There is often great confusion regarding cow’s milk allergy (CMA) and Lactose Intolerance, with the terms often used interchangeably despite both being separate disorders and very distinct.
As described above, food allergies such as cow’s milk allergy are a form of food intolerance that involves the immune system. Lactose intolerance describes a form of food intolerance caused by deficiency of a specific enzyme and does not involve the immune system- see section on lactose intolerance for more information.
Cow’s milk allergy is caused by an abnormal immune response to harmless milk proteins and generally results in the rapid appearance of symptoms after consumption of cow’s milk.
Despite some similarities between the proteins found in human and bovine milks, cow’s milk proteins can still be recognised as “foreign” by the human immune system.
In the majority of individuals the immune system recognises these proteins as harmless and tolerates them in the body, however in CMA individuals, the immune system becomes sensitized and reacts to the proteins by mounting a damaging inflammatory response.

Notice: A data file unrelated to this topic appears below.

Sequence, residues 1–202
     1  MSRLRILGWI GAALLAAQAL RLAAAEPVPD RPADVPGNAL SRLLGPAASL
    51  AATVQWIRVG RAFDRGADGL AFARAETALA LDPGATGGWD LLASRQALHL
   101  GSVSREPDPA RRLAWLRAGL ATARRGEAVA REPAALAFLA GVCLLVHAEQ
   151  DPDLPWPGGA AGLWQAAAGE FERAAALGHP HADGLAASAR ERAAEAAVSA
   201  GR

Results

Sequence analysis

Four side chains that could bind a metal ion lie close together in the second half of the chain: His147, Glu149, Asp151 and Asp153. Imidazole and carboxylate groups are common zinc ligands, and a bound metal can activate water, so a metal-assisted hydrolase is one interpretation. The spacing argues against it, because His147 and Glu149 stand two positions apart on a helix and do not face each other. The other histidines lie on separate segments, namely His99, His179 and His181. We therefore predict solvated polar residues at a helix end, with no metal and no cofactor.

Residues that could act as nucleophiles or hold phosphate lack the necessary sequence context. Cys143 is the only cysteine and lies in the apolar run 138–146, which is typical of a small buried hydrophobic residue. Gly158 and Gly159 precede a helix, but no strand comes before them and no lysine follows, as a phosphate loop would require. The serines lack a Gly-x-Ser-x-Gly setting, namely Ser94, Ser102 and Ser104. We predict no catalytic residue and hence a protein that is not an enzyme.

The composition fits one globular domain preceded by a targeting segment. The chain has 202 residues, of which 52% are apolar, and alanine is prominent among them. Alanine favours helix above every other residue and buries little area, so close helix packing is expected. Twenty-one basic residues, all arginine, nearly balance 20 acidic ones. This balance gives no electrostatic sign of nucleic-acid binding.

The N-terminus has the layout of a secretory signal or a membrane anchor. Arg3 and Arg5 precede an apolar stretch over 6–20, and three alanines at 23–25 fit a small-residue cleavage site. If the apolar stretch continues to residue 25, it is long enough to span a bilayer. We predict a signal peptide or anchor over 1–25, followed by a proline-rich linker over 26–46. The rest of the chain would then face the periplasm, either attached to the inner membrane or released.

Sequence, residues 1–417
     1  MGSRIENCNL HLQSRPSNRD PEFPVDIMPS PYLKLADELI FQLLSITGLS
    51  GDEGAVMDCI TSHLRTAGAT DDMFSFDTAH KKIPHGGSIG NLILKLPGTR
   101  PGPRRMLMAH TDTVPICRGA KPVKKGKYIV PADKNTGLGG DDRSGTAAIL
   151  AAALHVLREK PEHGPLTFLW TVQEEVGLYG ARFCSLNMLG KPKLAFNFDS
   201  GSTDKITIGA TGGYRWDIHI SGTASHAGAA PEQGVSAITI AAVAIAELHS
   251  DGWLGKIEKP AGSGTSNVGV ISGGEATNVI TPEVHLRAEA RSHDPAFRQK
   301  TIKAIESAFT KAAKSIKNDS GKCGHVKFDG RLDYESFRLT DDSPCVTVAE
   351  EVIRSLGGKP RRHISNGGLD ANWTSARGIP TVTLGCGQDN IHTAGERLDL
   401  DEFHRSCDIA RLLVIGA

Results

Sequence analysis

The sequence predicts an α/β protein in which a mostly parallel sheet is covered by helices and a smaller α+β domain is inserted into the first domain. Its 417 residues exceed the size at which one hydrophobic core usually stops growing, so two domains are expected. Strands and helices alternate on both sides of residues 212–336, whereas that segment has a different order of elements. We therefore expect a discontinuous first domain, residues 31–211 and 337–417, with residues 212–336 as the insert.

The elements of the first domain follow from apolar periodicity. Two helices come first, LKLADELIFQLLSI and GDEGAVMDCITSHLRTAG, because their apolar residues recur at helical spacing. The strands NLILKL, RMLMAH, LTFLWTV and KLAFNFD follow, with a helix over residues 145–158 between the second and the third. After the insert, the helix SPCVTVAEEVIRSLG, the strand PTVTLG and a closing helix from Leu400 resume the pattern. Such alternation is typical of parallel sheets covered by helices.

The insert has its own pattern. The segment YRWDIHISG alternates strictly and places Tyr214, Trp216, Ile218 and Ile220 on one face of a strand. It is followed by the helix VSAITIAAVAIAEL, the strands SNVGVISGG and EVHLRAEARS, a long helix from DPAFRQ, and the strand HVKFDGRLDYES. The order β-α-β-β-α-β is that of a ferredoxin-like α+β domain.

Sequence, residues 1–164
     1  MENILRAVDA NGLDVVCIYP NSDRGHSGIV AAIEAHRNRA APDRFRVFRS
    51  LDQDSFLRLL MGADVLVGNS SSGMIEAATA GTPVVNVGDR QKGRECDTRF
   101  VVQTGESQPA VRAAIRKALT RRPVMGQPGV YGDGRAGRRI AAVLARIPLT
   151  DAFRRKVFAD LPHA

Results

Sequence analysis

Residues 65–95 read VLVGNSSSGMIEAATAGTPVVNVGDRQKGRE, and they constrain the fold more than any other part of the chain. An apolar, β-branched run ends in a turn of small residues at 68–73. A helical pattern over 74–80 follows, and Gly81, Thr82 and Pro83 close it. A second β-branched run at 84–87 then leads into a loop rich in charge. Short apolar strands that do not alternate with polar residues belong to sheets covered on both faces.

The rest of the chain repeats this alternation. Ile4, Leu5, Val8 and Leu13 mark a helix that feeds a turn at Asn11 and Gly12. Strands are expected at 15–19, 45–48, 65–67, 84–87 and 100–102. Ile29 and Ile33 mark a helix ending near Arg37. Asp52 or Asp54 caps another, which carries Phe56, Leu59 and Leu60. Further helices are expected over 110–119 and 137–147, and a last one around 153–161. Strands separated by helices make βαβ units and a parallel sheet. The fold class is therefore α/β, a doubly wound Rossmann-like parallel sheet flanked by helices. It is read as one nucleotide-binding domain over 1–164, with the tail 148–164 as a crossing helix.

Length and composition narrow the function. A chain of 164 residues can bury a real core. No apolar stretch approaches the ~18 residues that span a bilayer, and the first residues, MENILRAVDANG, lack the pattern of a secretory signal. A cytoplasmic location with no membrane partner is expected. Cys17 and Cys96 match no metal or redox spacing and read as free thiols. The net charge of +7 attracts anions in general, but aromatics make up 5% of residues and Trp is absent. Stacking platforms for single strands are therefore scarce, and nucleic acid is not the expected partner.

Types of cows milk allergy
Cow’s milk allergy (CMA) is often divided into cow’s milk protein allergy (CMPA) where there is clear evidence of involvement of the immune system, and cow’s milk protein intolerance (CMPI) where there is no involvement of the immune system.
Allergies to milk are broadly classified into immunoglobulin E (IgE)-mediated allergy, and non-IgE mediated allergy.
IgE-mediated allergy is commonly referred to as “immediate hypersensitivity” as the onset of symptoms occurs within minutes to an hour following exposure to the allergen (in this case protein).
Non-IgE-mediated CMA reactions are usually “delayed” with the onset of symptoms occurring from 1 hour to several days after ingestion of milk; hence it is often called a “delayed hypersensitivity”.